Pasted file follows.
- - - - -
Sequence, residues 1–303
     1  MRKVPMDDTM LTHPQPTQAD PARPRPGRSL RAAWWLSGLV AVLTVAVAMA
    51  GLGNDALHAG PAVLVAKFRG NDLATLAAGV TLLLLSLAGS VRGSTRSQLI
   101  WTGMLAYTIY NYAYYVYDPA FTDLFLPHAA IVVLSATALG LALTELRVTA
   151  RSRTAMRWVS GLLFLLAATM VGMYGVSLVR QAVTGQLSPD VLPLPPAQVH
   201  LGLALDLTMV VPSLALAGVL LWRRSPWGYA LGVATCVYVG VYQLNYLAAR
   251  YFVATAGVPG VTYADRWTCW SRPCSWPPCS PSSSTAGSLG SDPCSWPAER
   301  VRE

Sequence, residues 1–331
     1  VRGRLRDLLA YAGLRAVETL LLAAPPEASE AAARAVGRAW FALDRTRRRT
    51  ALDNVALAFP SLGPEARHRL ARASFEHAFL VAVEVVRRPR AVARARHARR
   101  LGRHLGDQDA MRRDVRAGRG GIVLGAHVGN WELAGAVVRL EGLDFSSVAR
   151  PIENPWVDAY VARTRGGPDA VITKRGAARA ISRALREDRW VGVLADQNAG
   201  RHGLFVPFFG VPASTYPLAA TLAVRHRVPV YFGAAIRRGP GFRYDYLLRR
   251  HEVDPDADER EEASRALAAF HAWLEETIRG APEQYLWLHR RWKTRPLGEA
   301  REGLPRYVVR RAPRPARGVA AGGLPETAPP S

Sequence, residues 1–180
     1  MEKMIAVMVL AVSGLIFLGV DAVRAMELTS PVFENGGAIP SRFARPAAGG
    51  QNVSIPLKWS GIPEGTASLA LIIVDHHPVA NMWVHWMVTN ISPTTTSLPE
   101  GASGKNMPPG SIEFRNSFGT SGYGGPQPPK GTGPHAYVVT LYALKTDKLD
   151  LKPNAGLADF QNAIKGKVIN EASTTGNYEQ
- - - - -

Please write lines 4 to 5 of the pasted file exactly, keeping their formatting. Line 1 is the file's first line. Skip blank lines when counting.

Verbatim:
   101  WTGMLAYTIY NYAYYVYDPA FTDLFLPHAA IVVLSATALG LALTELRVTA
   151  RSRTAMRWVS GLLFLLAATM VGMYGVSLVR QAVTGQLSPD VLPLPPAQVH